In May this year Pakistan’s interior minister, who has championed the country’s minority communities, survived an assassination attempt by a gunman protesting against the blasphemy laws.
In April Pakistan’s chief justice, Mian Saqib Nisar, said he would hear Noreen’s case personally. “Be ready, Saif-ul-Malook. I am going to fix your case soon and I myself will preside over the bench,” he reportedly told her lawyer. As part of his decision to hear Noreen’s appeal, Justice Nisar ordered police protection for Malook restored.
Today, the three-member bench consisted of Nisar, with Justices Asif Saeed Khosa and Mazhar Alam Khan Miankhel. The lawyer for the complainant, an imam, was Ghulam Mustafa Chaudhry, the president of the Khatme Nabuwat (Finality of Prophethood) Lawyers’ Forum.
Malook told the Supreme Court that the imam did not witness the alleged blasphemy himself. Today Malook again said it was at a local village council, or panchayat, of around 1,000 people where Noreen was forced to confess the alleged instance of blasphemy.
In 2014, Lahore high-court judges categorically stated that Pakistani law would not take into account any such confession made to a random group, and they had at that time set aside evidence of all the witnesses related to the village council.
In the run-up to today’s hearing an Islamic party, Tehreek-e-Labaik Pakistan (TLP), warned that “if there is any attempt to hand her [Bibi] over to a foreign country, there will be terrible consequences”, reported DW. The party is known for its strong support of the strict blasphemy laws, and has called for blasphemers against Islam to be put to death and for those who kill alleged blasphemers to be celebrated. In February 2016, Pakistani authorities hanged Mumtaz Qadri, the bodyguard who tried to justify his murder of Salman Taseer partly because of Taseer’s support of Asia Bibi.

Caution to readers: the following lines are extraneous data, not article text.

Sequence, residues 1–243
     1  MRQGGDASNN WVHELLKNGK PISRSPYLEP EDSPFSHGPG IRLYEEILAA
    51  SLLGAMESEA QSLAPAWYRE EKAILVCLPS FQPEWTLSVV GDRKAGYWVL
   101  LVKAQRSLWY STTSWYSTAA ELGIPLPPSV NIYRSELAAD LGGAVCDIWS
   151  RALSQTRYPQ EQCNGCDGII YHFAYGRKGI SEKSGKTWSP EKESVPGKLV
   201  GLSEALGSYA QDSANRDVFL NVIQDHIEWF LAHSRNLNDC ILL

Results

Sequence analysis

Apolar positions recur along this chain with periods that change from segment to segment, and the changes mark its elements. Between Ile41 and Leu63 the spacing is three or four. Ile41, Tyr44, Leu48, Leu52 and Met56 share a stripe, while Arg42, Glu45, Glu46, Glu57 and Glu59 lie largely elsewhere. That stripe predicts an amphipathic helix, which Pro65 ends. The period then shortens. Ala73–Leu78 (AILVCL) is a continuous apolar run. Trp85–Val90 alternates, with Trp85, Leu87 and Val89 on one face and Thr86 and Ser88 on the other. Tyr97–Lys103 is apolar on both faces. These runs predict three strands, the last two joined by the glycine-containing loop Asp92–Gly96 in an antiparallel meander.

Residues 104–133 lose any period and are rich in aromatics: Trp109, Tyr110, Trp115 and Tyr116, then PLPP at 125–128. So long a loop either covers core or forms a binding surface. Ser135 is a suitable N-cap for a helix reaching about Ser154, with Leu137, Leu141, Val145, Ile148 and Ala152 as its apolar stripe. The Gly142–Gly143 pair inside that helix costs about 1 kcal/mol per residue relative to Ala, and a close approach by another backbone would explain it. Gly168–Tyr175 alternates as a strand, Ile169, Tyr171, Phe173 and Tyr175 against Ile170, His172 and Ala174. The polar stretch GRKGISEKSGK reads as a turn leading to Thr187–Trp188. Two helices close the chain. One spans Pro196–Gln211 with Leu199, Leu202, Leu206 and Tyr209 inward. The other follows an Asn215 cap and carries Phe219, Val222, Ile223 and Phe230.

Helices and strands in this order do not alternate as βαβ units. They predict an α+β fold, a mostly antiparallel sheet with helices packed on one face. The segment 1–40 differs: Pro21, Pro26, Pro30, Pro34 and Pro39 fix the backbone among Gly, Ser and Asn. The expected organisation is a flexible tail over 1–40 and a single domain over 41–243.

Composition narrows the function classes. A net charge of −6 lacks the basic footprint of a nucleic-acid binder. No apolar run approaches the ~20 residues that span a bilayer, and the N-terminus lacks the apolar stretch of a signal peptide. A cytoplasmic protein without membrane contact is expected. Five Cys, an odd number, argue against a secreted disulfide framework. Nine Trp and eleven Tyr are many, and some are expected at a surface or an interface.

Extremely sensitive issue
In a memoir published in 2012, Noreen described the moment she heard her death sentence:
“I cried alone, putting my head in my hands. I can no longer bear the sight of people full of hatred, applauding the killing of a poor farm worker. I no longer see them, but I still hear them, the crowd who gave the judge a standing ovation, saying: ‘Kill her, kill her! Allahu akbar!’ The court house is invaded by a euphoric horde who break down the doors, chanting: ‘Vengeance for the holy prophet. Allah is great!’ I was then thrown like an old rubbish sack into the van … I had lost all humanity in their eyes.”
Blasphemy against Islam is an extremely sensitive issue in Pakistan. In November, protests against potential reform of the current laws brought life to a halt in the capital, Islamabad, and though international pressure increases for the government to change its legislation, conservative Muslim groups continue to vehemently refuse.
Pakistan’s new prime minister, Imran Khan, has spoken in support of the blasphemy laws, which have been used disproportionately against religious minorities. Pakistani Christians, for example, make up only 1.5 per cent of the total population, but over a quarter (187) of the 702 blasphemy cases registered between 1990 and 2014 were against Christians.
Pakistan is fifth on the 2018 Open Doors World Watch List of the 50 countries where it is most difficult to live as a Christian.